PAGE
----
Canada isn't as renowned for castles as one might think (or at all, in fact), which makes a visit to Craigdarroch that much more intriguing.
A prototypical "bonanza" castle, Craigdarroch was born out of the industrial wealth generated by railroad entrepreneurs in the 19th century. Building materials were brought in from all over North America and the world—white oak from Arkansas, mahogany from Spain, slate from New York.
Filled with Canadian artifacts, Dunsmuir family heirlooms, and important works of art, the castle ought to sit near the top of any Victoria itinerary.
The Castle and museum are open to the public from 10:00am to 4:30pm daily.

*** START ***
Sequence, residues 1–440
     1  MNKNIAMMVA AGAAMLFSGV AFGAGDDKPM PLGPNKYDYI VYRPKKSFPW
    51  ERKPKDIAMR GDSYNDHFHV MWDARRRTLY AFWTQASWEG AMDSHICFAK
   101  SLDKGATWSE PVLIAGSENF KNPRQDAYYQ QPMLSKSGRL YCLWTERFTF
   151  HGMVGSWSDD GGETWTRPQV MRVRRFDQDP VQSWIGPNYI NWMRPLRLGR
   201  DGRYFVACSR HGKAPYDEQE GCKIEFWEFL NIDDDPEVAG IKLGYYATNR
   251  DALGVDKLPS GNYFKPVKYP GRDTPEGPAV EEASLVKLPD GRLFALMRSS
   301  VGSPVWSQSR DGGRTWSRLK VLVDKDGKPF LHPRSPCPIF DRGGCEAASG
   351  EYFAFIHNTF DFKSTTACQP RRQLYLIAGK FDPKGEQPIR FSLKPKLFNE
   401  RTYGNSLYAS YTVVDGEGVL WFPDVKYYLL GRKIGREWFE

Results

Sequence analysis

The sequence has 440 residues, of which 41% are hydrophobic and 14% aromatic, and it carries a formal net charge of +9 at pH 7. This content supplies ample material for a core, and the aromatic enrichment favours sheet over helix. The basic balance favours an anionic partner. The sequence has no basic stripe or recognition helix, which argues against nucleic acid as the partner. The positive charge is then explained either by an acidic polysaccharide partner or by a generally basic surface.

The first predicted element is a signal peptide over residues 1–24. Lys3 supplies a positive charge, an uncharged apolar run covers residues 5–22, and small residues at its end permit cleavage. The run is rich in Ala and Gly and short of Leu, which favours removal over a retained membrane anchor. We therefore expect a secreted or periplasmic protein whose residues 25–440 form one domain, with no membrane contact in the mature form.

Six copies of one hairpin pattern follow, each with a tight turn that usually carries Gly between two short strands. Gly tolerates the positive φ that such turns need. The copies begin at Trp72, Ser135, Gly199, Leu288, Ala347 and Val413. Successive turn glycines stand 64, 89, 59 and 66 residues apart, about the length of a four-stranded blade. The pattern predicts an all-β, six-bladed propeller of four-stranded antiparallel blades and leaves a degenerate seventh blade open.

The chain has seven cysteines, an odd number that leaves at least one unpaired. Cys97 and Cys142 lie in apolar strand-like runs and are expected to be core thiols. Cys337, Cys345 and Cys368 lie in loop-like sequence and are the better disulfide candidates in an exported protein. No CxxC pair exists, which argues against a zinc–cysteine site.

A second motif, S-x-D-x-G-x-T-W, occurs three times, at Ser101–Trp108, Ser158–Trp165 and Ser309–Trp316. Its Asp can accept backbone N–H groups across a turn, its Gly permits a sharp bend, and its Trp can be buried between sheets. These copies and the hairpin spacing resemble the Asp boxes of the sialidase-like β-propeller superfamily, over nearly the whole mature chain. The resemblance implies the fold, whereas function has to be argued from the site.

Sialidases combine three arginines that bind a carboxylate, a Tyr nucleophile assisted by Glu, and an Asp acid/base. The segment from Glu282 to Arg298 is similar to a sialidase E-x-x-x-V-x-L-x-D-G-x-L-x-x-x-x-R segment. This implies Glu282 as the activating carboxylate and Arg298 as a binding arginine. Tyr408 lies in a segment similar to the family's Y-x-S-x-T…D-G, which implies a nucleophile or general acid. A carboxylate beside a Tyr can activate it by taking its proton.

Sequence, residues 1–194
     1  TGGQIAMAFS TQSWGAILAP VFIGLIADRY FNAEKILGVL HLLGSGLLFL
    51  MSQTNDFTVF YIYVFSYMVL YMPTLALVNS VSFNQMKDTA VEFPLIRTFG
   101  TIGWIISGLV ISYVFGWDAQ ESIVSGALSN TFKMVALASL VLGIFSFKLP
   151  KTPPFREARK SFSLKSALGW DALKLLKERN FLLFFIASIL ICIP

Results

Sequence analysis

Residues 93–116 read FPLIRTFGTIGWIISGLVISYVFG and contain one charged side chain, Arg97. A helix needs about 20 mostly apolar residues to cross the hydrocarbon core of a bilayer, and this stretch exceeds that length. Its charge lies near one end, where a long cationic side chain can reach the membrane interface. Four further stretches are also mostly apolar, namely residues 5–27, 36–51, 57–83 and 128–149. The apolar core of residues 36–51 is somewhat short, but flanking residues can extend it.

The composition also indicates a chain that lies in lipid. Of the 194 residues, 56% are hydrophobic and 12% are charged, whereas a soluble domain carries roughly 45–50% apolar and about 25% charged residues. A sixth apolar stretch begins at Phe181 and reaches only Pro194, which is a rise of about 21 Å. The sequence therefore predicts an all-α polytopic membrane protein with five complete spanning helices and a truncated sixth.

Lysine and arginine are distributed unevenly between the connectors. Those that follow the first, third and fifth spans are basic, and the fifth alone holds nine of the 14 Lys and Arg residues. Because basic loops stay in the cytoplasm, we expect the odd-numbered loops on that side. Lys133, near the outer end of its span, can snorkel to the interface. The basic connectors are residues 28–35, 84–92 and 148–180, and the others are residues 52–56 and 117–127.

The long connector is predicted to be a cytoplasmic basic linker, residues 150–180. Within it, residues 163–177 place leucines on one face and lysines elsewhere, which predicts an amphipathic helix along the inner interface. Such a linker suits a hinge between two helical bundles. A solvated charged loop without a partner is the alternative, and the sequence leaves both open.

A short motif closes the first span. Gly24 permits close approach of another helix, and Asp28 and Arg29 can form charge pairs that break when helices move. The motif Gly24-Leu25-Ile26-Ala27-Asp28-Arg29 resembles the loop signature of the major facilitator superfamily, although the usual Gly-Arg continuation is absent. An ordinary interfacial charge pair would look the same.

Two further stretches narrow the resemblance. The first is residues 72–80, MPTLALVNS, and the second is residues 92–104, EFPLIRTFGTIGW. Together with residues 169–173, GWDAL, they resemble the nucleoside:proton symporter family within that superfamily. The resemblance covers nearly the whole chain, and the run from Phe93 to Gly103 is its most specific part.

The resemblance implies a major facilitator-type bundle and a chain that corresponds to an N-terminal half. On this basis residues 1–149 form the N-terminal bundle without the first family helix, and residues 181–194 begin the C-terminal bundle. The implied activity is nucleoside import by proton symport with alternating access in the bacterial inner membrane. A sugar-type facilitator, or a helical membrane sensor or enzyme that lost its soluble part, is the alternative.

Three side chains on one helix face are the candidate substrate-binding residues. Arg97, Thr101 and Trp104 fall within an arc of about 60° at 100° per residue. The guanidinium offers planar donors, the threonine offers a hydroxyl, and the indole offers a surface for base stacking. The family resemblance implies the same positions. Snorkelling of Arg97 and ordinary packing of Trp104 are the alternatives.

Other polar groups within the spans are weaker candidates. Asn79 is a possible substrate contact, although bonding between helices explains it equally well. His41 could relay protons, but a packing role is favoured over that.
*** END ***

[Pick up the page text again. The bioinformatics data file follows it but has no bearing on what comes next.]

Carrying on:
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In 1887, coal baron Robert Dunsmuir began building Craigdarroch Castle, now a National Historic Site of Canada, but died before it was completed. The 39-room castle was constructed in an eclectic Victorian version of Romanesque style, and the interior features beautiful stained-glass windows, oak paneling and period antiques. Proceeds from admission go to the building's ongoing restoration and upkeep.